Kimberly Marselas
Kimberly Marselas

Normally, my family spends Labor Day weekend at a rustic cabin in the wooded foothills of Western Maryland, nestled just between the Pennsylvania and West Virginia borders.

There’s no TV, spotty (if any) cell phone coverage and very few unwelcome distractions from the lifelong friends we drive hours to see.

But for the second year in a row, COVID-19 held us back from the campfire songs, the “joy” of watching our kids muck along the creek bed and collect slimy creatures, and just simply decompressing and reconnecting.

That’s because one adult among this friend group — typically 30 or so strong, with an unreasonably high number of children in there, often all of us crowded around the same dinner table — refuses to be vaccinated.

He insists he’s already had COVID, so why bother?

It’s a common refrain among the vaccine-hesitant, and one not unreasonable on its face, given the expectation that being sick with a specific virus would deliver some protection against the same threat in the future.

But that kind of thinking makes a lot of assumptions about an individual’s personal ability to muster an immune response, how long that immunity might last, and whether the person in question even actually had COVID.

As in this entire battle against COVID, it’s what we don’t know that might kill us, or at least make us or someone we love very sick. (Of all those mucking-about kids I mentioned in our cabin scenario, most are too young to be vaccinated, and we also often have grandparents at these gatherings.)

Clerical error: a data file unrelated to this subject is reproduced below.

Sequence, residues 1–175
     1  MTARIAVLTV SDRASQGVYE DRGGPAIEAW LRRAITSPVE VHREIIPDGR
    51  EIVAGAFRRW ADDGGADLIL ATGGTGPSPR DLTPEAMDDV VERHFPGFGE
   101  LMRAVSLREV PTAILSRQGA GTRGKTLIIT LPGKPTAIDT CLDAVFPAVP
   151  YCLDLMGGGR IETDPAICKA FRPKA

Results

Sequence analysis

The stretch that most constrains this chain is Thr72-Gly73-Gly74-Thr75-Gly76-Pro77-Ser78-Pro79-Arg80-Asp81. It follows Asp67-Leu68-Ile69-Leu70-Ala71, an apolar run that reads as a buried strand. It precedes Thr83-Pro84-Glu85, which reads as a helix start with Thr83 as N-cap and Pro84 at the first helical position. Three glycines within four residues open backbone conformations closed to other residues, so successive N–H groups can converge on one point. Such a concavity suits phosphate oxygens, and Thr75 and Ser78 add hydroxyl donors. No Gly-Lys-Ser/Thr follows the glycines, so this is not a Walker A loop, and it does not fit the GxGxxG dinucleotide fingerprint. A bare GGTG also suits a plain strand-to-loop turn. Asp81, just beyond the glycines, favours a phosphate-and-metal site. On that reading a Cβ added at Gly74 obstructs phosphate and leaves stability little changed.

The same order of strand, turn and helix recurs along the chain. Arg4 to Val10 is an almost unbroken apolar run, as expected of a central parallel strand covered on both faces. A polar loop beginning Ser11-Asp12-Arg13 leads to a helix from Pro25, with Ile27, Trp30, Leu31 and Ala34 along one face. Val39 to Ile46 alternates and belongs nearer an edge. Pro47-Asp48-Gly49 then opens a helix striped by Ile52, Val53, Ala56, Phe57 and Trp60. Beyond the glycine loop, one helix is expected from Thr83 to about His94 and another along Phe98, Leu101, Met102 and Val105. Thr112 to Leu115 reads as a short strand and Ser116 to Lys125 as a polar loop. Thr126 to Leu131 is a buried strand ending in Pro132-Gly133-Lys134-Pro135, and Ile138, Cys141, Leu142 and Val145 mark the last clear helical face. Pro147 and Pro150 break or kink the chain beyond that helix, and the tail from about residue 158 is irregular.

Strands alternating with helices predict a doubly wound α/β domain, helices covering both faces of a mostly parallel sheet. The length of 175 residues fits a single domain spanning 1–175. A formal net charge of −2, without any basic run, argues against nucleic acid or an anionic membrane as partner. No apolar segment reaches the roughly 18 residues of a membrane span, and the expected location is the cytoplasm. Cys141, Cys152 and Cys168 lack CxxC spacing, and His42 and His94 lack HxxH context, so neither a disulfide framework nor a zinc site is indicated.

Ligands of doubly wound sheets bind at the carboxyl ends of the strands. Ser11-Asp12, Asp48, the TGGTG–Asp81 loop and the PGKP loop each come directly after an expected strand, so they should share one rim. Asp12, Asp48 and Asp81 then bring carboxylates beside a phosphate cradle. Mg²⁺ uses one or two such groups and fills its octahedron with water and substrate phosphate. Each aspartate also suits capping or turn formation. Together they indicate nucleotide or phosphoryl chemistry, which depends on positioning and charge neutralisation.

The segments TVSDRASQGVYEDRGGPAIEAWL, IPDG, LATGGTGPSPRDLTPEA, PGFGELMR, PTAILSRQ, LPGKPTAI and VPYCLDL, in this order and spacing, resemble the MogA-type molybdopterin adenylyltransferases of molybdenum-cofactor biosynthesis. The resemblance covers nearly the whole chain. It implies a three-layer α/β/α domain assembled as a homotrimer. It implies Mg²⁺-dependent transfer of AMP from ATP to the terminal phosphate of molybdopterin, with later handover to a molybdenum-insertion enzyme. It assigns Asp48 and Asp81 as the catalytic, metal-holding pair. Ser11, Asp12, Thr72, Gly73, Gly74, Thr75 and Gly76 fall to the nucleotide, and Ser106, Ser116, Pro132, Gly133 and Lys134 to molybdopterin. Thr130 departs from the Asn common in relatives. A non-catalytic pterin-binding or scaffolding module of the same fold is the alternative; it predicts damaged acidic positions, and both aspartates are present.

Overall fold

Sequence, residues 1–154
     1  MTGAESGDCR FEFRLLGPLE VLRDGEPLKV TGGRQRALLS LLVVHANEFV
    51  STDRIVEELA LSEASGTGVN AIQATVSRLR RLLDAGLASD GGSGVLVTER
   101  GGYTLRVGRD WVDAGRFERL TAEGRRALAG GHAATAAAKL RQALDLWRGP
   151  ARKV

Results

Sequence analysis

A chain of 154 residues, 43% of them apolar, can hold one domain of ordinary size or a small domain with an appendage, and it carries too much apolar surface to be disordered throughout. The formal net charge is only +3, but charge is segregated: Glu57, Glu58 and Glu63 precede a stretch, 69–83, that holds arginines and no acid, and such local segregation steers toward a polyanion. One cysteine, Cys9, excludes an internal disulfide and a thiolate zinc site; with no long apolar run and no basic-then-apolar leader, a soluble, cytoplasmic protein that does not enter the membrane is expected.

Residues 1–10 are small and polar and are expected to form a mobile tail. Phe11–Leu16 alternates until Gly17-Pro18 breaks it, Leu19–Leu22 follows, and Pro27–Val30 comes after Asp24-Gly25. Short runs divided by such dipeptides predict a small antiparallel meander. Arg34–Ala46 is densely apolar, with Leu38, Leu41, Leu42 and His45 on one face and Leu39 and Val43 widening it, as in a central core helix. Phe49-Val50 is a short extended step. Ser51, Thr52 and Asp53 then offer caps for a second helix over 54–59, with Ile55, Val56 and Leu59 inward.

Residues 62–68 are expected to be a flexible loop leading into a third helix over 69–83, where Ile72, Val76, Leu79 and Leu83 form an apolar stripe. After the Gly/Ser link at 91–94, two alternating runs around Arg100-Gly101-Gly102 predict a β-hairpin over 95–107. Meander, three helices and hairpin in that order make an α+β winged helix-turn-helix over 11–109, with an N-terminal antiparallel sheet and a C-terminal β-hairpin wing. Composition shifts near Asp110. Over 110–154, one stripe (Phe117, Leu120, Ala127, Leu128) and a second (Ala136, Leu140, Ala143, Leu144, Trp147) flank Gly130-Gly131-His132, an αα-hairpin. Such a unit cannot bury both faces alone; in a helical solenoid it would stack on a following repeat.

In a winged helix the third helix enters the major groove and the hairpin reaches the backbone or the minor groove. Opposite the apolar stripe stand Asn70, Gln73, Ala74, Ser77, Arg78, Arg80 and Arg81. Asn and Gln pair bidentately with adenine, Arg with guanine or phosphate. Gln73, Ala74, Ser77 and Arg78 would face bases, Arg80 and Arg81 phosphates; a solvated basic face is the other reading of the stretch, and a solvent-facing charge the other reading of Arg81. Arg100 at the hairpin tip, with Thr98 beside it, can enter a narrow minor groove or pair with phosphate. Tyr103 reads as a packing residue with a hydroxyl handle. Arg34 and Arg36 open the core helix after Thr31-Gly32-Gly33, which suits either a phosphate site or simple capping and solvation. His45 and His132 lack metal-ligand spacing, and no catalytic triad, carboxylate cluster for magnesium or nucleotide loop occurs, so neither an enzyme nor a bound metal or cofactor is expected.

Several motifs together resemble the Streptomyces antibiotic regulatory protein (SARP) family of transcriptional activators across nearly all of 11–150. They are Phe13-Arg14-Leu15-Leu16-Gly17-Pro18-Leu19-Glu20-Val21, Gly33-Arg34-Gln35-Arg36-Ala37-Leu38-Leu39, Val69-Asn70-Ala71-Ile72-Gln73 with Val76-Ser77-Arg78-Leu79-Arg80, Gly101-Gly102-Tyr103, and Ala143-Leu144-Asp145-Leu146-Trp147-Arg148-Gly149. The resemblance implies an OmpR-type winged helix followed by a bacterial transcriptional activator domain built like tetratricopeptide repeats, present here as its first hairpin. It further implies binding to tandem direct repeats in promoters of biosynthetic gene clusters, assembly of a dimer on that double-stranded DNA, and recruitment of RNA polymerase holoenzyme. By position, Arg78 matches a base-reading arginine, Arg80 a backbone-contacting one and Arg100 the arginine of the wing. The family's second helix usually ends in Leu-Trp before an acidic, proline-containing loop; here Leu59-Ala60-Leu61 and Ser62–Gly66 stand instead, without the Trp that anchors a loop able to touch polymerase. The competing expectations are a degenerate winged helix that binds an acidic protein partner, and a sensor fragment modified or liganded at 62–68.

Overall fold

The immunity from a prior infection works “pretty well” and may last a little longer than vaccine-induced immunity, but there’s a big “but,” according to Robert M. Wachter, M.D., professor and chair of the Department of Medicine at the University of California, San Francisco.

“If you’re going to rely on it, say people are saying they don’t need to be vaccinated because they had COVID three months ago, you want to be really sure that they had it,” Wachter told LeadingAge members on a COVID-19 resource call Monday. “You want to be sure they truly had symptoms and had a test that was unambiguously positive before ascribing any strategy to prior COVID.”

Even then, Wachter said he would definitely recommend at least one COVID shot (federal guidance still calls for two) after infection. The “decay curve” is very clear, he said. That means protection wanes precipitously, and it does so without adhering to an individuals’ preferred timeline or regardless of what they’ve seen otherwise on social media.

This brings me back to my friend, who I last talked to about his hesitancy on Memorial Day weekend. We’d met up at the cabin during a relative lull in COVID cases here in the mid-Atlantic (and our family planned ahead to sleep in a tent, thanks again COVID.)

At the time, I encouraged him to get vaccinated just in case. He’d never actually been tested for COVID despite claiming he was sure he’d had it. I also asked what it would hurt to get a shot. His wife and much of his extended family had been vaccinated without side effects. 

Today, I’d arm myself with this fresh article on a kind of “superhuman immunity” afforded to those who have COVID but get a vaccine once they recover. It reports on several studies that have found people who have been sick with COVID and then received at least one shot develop an “extraordinarily powerful immune response” against SARS-CoV-2.

Even better, their antibodies have a flexibility that double-vaccinated individuals don’t produce, one that researchers at Rockefeller University say is effective against a range of variants (including delta) and may cover those yet to emerge.

What I’d tell my friend is the same I’d tell you:

If you’ve been putting off getting a vaccine because you’ve already been sick — in a nursing home, those odds could be pretty high — well, here’s your chance to become superhuman and lord it over all the rest of us vaccine recipients.

Kimberly Marselas is senior editor of McKnight’s Long-Term Care News.

Opinions expressed in McKnight’s Long-Term Care News columns are not necessarily those of McKnight’s.